The inverted appendix – a potentially problematic diagnosis: clinicopathologic analysis of 21 cases

Jacqueline Birkness, Dora Lam-Himlin, Kathleen Byrnes, Laura Delong Wood, Lysandra Voltaggio

Research output: Contribution to journalArticle

Abstract

Aims: Inverted appendices are rare, but have the potential to cause diagnostic confusion among endoscopists and pathologists. The aim of this study was to describe the clinicopathological features of inverted appendices seen at our institution over the last 30 years. Methods and results: Twenty-one inverted appendices were identified and the clinical and pathological features reviewed. Patients were predominantly middle-aged women. Most cases were detected incidentally on colonoscopy. Endoscopically, inverted appendices appeared polypoid in the proximal caecum. All resections featured associated pathological processes, including endometriosis (n = 3), inflammatory mucocoele (n = 1), low-grade appendiceal mucinous neoplasm (n = 2), traditional serrated adenoma (n = 1) and inflammatory fibroid polyp (n = 1). Five cases were endoscopically mischaracterised as caecal polyps and removed via polypectomy; initial pathological impressions were erroneous in most cases. All polypectomies featured a dome-like configuration covered by mucosa on the convex surface; the majority had aggregates of ganglion cells and neural plexi embedded in muscularis propria. The vast majority of cases, regardless of the procedure, showed lymphoid aggregates. Among post-polypectomy patients with follow-up, none experienced perforation-associated morbidity despite the histological presence of muscularis propria. Conclusions: The diagnosis of an inverted appendix should be considered in polypectomy specimens from the caecum or appendiceal orifice with (i) dome-like tissue configuration covered by mucosa on the convex surface, (ii) a deep, robust smooth muscle component with ganglion cells (muscularis propria) and (iii) associated lymphoid aggregates. Prompt recognition on H&E will avoid unnecessary time and resource investment.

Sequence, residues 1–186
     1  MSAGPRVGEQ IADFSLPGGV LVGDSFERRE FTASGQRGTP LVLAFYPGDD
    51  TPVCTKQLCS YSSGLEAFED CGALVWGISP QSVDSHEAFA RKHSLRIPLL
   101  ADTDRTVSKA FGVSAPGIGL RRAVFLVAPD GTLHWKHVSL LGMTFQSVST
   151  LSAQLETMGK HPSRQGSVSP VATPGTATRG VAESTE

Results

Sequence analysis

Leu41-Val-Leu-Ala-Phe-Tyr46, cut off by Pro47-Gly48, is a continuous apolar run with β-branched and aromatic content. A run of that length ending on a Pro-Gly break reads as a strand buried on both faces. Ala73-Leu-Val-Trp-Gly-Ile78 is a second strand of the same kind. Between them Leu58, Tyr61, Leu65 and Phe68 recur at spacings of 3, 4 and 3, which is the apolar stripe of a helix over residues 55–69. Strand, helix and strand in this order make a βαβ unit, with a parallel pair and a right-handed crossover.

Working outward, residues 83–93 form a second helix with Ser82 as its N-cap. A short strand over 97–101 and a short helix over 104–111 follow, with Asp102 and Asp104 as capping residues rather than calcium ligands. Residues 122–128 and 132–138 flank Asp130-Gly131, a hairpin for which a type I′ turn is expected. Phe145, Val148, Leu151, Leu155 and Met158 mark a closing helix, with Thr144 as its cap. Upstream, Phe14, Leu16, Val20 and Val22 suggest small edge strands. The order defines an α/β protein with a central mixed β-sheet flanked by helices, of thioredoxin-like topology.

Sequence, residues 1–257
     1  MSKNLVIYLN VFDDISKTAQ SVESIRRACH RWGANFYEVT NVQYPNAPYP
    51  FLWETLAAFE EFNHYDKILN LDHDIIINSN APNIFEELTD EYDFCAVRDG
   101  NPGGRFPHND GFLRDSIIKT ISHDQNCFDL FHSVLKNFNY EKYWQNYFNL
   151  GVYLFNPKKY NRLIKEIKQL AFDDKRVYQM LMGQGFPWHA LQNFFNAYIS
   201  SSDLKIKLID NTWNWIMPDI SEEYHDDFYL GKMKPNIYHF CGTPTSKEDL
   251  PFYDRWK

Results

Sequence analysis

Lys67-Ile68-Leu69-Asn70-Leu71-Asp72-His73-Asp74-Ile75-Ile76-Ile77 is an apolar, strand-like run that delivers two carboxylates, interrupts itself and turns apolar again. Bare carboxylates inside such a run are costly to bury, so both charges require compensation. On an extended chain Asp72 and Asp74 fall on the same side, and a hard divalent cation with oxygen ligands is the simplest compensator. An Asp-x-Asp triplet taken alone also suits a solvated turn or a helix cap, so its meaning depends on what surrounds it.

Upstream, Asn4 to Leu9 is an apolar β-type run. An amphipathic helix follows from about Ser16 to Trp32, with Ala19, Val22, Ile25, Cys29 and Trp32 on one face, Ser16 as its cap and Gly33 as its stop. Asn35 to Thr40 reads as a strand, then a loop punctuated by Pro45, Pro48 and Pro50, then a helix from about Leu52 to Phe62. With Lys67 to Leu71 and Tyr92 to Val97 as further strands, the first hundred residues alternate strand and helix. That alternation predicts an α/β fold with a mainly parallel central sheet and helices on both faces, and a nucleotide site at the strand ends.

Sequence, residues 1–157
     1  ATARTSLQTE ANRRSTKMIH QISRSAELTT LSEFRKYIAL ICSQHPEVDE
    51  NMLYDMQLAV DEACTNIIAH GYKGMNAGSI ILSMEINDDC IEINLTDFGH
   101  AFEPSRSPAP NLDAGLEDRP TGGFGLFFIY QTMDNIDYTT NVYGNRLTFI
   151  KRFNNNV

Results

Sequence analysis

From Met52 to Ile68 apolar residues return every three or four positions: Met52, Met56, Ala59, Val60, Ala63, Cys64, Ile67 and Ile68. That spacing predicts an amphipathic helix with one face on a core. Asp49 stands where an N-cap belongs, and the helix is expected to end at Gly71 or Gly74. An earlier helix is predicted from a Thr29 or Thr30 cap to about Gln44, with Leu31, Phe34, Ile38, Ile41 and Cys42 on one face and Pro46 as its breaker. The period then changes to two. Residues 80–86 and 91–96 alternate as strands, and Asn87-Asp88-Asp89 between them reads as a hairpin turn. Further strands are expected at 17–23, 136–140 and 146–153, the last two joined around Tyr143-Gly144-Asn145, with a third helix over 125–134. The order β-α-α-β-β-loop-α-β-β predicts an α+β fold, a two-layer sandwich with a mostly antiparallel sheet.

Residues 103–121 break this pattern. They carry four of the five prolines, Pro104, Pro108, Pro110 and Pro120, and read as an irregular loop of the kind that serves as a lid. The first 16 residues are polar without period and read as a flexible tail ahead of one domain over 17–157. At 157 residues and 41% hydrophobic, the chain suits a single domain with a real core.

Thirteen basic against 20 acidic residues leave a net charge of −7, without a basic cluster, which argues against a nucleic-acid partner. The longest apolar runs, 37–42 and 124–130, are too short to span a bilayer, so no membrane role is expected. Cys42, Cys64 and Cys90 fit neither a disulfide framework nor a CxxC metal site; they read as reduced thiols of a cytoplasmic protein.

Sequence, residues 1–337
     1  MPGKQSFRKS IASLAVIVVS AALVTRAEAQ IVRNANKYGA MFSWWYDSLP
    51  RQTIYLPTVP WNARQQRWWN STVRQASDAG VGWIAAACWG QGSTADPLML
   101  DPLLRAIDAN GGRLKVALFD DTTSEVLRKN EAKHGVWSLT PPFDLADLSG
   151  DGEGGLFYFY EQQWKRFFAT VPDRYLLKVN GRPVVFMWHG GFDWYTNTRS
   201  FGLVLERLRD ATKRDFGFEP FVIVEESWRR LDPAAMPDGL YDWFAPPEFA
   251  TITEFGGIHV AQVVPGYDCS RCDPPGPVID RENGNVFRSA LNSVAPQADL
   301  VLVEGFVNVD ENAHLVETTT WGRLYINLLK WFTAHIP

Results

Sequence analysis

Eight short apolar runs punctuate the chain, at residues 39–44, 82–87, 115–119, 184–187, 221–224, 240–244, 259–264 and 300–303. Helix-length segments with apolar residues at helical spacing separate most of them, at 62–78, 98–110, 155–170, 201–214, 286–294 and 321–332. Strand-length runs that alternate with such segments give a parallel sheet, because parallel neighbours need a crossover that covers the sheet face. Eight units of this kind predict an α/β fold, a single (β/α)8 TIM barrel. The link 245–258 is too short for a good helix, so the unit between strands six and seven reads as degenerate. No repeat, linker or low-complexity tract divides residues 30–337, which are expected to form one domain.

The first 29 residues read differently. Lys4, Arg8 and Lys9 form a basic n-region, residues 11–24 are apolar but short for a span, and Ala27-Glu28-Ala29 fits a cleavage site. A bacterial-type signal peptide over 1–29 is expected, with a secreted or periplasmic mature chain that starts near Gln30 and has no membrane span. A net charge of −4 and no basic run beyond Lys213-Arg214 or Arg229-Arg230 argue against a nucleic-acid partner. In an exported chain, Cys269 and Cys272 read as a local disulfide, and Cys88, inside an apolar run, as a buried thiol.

Original languageEnglish (US)
JournalHistopathology
DOIs
StatePublished - Jan 1 2019

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Polyps
Ganglia
Appendiceal Neoplasms
Mucous Membrane
Mucocele
Leiomyoma
Pathologic Processes
Endometriosis
Colonoscopy
Adenoma
Smooth Muscle
Morbidity
Pathologists

Keywords

  • appendiceal intussusception
  • inverted appendix
  • low-grade appendiceal mucinous neoplasm
  • neuroendocrine tumour
  • traditional serrated adenoma

ASJC Scopus subject areas

  • Pathology and Forensic Medicine
  • Histology

Cite this

The inverted appendix – a potentially problematic diagnosis : clinicopathologic analysis of 21 cases. / Birkness, Jacqueline; Lam-Himlin, Dora; Byrnes, Kathleen; Wood, Laura Delong; Voltaggio, Lysandra.

In: Histopathology, 01.01.2019.

Research output: Contribution to journalArticle

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abstract = "Aims: Inverted appendices are rare, but have the potential to cause diagnostic confusion among endoscopists and pathologists. The aim of this study was to describe the clinicopathological features of inverted appendices seen at our institution over the last 30 years. Methods and results: Twenty-one inverted appendices were identified and the clinical and pathological features reviewed. Patients were predominantly middle-aged women. Most cases were detected incidentally on colonoscopy. Endoscopically, inverted appendices appeared polypoid in the proximal caecum. All resections featured associated pathological processes, including endometriosis (n = 3), inflammatory mucocoele (n = 1), low-grade appendiceal mucinous neoplasm (n = 2), traditional serrated adenoma (n = 1) and inflammatory fibroid polyp (n = 1). Five cases were endoscopically mischaracterised as caecal polyps and removed via polypectomy; initial pathological impressions were erroneous in most cases. All polypectomies featured a dome-like configuration covered by mucosa on the convex surface; the majority had aggregates of ganglion cells and neural plexi embedded in muscularis propria. The vast majority of cases, regardless of the procedure, showed lymphoid aggregates. Among post-polypectomy patients with follow-up, none experienced perforation-associated morbidity despite the histological presence of muscularis propria. Conclusions: The diagnosis of an inverted appendix should be considered in polypectomy specimens from the caecum or appendiceal orifice with (i) dome-like tissue configuration covered by mucosa on the convex surface, (ii) a deep, robust smooth muscle component with ganglion cells (muscularis propria) and (iii) associated lymphoid aggregates. Prompt recognition on H&E will avoid unnecessary time and resource investment.",
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